2046 - America is burning!
"Bastards! They're all bastards!" My taxi driver shouted. But not at the other drivers -- he was cursing the Arabs who had given him a guest worker visa.
"All they do is eat, and shop, and f**k, and exploit the workers!"
Mohammed was a Pakistani Pathan, driving taxi in the Gulf on a guest worker visa for thirteen years. His hosts paid him just enough money to keep him but not enough to leave. He couldn't afford to keep his family in the Gulf, so he saw his children one month per-year, missing nearly every important event in their lives.
"I'm leaving this g*d d*mn country and these g*d d*mn people and I'm going back to Pakistan. I will tell everyone I meet that Arabs are f**king, g*d d*mn, blood-sucking bastards!"
Welcome to guest worker world.
Between invectives, Mohammed explained that many days, even after a double shift, his salary didn't cover his expenses. After thirteen years of slaving in a fatigued stupor and scrimping every extra dirham, he'd finally saved up enough to start a small grocery shop in Peshawar.
"Without good wages and a citizenship
option, guest worker visas are a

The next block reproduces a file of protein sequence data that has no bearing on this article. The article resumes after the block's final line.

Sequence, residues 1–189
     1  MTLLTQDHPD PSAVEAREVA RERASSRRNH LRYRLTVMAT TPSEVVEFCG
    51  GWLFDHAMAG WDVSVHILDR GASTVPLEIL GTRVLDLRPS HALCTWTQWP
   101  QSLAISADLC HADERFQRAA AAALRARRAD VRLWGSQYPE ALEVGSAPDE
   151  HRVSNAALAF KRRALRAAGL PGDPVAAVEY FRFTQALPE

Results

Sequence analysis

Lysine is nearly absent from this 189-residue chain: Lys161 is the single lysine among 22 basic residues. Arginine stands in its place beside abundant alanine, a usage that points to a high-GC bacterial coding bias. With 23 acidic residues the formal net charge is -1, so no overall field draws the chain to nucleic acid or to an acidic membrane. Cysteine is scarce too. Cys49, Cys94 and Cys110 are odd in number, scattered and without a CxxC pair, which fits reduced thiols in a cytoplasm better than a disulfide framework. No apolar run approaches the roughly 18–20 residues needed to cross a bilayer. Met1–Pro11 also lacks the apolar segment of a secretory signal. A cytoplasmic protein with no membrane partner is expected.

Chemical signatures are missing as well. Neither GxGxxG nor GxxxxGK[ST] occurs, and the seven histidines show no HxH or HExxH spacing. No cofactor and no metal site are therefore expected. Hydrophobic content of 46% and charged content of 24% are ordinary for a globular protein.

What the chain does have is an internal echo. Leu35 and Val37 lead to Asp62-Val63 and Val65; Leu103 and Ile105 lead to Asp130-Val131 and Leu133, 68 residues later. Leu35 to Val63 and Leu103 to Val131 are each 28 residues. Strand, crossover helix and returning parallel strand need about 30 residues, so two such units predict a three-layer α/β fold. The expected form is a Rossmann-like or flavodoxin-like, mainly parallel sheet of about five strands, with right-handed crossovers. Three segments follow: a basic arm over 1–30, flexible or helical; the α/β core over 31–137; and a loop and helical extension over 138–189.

slow-cooking recipe for social disaster."
I've seen the abuses of guest-worker visas but I still support them for America -- but ONLY with a mandated living wage and citizenship option.
Without those two key provisions, guest worker visas are a slow-cooking recipe for social disaster. Paris is experiencing that now.
Without decent wages and a fair shot at citizenship, guest workers become an embittered second-class, like Mohammed, who see and smell the privileged life but never get to taste it.
Instead of cursing Arabs, millions of guest workers will go home cursing Americans (or stay and torch our streets).
Nearing our destination, Mohammed said to me, "Pray for me, my friend, and I'll pray for you."
"I'll pray that your shop will be a big success and you'll find peace about your time here," I promised.
As I counted out the fare (with a tip!) an Arab family stuck their head in the window and asked for a neighborhood in Arabic.
Mohammed replied in English, "I don't know where that is," and pulled the taxi forward half a block to get away from them.